In 2008 or 2009 or thereabout, a group of soldiers swarmed on the residents of South Suntreso, a suburb of Kumasi, beat and wounded innocent people whose only crime was living in that vicinity. Their reason? One of their kind was reported to have been killed while gambling with some hoodlums in the neighborhoods. These 'gangster group of soldiers,' without referring the case to the appropriate authorities,(the Police within that jurisdiction), and believing in their false sense of solidarity, descended on the residents to exact vengeance for their 'brother' who by his shameful act brought the dignity of the military into disrepute. My opinion is; if these soldiers did not see themselves as being over and above the laws of Ghana they would shudder to act the way they did. Furthermore, what happened after such barbaric aggression and assault on the people of South Suntreso? Nothing! It came to the usual formalities: "Under investigations."

On June 19, 2009, another 'bigger than the law attitude" of some soldiers was chronicled in the Ghanaian News Media. A Private Military Officer, name given as Nii Adjetey and his companion, whose name was withheld, once again visited brute force on one Miss Ewura Oye Felde, a Voluntary Work Camp Associate who had arrived from Berlin, Germany. Her crime? - Wearing a military camouflage trousers - something abominable to the gods. These two officers, according to the report, were bent on stripping this innocent woman naked. They did not see any need to report what they believed was illegal to the Police but took the law into their own hands and did as they pleased. But for the Police Officers who chanced on the scene, nobody could tell what was going to happen next. So what is wrong with some of our soldiers? How do they see themselves, and how do they regard the Police service in Ghana? Gone are the days when the Ghanaian mentality was that a soldier was 'higher' than a Police Officer. What became of this nasty and unruly behavior of these two officers? Your guess is as good as mine; ‘under investigations.’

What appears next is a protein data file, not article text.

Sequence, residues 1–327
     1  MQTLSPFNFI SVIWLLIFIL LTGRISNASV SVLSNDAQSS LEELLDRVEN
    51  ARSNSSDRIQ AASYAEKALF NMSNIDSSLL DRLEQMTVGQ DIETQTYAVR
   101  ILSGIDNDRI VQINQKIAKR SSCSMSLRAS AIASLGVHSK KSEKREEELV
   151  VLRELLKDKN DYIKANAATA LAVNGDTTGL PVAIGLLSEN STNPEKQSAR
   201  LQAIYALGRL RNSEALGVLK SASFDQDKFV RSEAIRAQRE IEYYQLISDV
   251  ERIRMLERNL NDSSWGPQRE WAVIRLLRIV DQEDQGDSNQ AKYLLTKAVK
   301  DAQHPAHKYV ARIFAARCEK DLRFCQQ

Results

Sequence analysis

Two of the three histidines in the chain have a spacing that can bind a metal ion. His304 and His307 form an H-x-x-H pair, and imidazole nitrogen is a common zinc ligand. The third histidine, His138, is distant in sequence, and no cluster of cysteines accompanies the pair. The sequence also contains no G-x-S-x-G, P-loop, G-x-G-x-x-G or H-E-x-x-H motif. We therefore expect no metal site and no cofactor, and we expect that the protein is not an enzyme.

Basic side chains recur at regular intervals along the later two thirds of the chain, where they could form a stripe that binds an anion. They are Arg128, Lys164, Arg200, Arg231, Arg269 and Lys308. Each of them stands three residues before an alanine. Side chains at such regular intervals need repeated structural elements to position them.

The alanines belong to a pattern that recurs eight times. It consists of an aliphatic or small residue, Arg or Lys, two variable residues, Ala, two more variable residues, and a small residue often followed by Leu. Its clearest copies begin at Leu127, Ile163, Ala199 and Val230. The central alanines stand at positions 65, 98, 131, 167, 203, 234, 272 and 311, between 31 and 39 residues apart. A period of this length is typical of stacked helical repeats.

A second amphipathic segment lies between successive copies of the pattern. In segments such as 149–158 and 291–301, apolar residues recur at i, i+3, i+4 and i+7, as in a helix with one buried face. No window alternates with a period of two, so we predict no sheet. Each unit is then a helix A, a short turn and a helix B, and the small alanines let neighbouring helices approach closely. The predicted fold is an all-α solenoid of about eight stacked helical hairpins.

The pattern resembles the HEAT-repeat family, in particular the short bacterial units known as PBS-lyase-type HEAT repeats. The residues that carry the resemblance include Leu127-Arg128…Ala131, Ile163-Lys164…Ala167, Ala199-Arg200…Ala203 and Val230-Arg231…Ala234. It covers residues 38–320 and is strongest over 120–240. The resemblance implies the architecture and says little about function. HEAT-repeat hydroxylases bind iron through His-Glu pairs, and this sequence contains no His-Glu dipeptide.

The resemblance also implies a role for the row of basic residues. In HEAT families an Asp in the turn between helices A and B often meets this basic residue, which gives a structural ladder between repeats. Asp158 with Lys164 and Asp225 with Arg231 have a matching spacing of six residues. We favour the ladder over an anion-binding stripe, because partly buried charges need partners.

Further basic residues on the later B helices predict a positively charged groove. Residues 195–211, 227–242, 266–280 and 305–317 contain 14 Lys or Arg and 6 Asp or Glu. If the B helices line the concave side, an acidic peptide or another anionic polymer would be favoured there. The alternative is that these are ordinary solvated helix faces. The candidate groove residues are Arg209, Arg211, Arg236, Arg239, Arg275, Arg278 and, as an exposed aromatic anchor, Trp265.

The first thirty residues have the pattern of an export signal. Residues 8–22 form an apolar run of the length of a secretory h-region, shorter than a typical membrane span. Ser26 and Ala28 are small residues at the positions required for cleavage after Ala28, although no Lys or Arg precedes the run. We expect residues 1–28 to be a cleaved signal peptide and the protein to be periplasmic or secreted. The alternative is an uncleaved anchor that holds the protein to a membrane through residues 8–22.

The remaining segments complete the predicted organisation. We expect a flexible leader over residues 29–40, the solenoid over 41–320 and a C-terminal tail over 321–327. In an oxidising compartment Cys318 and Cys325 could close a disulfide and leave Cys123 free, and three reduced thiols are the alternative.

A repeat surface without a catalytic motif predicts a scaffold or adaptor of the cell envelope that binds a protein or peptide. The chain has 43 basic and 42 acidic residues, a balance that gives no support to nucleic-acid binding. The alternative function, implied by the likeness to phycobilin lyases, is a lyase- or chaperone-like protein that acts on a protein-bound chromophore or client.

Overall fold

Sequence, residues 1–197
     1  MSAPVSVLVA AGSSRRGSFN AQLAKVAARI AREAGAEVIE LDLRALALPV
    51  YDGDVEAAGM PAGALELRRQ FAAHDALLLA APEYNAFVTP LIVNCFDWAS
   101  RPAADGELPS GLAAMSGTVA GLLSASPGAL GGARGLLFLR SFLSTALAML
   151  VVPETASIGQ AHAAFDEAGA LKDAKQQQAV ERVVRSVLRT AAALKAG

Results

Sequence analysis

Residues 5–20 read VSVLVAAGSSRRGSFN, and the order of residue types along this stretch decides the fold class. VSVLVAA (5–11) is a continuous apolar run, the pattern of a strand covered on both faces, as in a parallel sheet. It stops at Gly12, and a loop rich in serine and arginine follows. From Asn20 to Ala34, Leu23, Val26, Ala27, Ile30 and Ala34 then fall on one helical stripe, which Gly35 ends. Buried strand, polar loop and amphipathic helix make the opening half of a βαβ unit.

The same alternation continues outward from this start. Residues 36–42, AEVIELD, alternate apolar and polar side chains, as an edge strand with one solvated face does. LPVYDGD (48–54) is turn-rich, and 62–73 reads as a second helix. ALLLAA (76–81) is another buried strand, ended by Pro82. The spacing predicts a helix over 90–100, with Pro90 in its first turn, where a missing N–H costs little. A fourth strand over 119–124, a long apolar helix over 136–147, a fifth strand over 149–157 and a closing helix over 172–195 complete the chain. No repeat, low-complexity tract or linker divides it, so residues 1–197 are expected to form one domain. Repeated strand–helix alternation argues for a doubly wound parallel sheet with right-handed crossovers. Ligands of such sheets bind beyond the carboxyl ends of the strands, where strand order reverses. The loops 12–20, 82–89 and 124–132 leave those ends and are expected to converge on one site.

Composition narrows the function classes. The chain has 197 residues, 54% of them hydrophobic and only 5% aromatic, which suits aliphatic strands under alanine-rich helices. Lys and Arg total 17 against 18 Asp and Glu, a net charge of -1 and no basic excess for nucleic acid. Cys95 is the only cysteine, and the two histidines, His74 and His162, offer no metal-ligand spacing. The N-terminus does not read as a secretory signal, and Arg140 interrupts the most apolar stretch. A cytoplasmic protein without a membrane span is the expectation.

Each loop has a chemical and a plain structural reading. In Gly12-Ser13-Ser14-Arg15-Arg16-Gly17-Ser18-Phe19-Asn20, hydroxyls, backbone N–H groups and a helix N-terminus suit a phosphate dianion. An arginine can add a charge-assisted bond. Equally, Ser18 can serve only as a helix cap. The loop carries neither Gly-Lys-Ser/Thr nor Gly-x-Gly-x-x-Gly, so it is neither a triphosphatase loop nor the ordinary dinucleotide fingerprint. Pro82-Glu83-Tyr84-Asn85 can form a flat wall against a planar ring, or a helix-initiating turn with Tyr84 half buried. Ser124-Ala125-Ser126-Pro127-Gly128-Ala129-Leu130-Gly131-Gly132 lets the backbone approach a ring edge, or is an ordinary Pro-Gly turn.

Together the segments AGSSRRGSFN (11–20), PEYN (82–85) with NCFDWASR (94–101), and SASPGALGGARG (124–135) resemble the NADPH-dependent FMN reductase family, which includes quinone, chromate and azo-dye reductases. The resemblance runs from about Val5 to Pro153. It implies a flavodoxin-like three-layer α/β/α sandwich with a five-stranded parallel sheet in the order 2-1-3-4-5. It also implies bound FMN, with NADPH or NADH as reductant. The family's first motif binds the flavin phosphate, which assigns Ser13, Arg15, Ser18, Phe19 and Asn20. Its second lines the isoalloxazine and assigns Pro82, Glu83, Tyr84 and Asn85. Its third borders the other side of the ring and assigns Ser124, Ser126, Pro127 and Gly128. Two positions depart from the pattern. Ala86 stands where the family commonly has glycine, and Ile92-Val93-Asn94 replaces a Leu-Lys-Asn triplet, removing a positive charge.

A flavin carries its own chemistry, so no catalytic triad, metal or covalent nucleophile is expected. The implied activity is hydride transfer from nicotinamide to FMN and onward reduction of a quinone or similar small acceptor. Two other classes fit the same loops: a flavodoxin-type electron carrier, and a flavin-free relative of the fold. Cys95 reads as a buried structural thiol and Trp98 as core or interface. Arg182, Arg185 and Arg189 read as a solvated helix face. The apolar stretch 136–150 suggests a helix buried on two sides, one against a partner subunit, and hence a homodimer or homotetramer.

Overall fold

As if that was not enough, just last Friday November 18, 2011, another barbaric and uncouth incident happened in Tamale where it was reported that eight 'gangster' military officers descended on three Police Officers, two female and their male counterpart and an assistant who were on duty directing traffic, and brutally assaulted them to the point that the victims had to be rushed to the Tamale Teaching hospital. Their reason? - Some Police Officers assaulted their colleagues. In the Animal Kingdom, such behavior would be applauded. Unfortunately for some of our soldiers who believe in such 'might-is-right Kingdom’, however, we are in the world where reason supersedes 'macho-ism' and therefore the earlier they review their false sense of self-believe, the better. We can’t afford to buy you uniforms, arms and other logistics just for some of you to turn terrorists on us.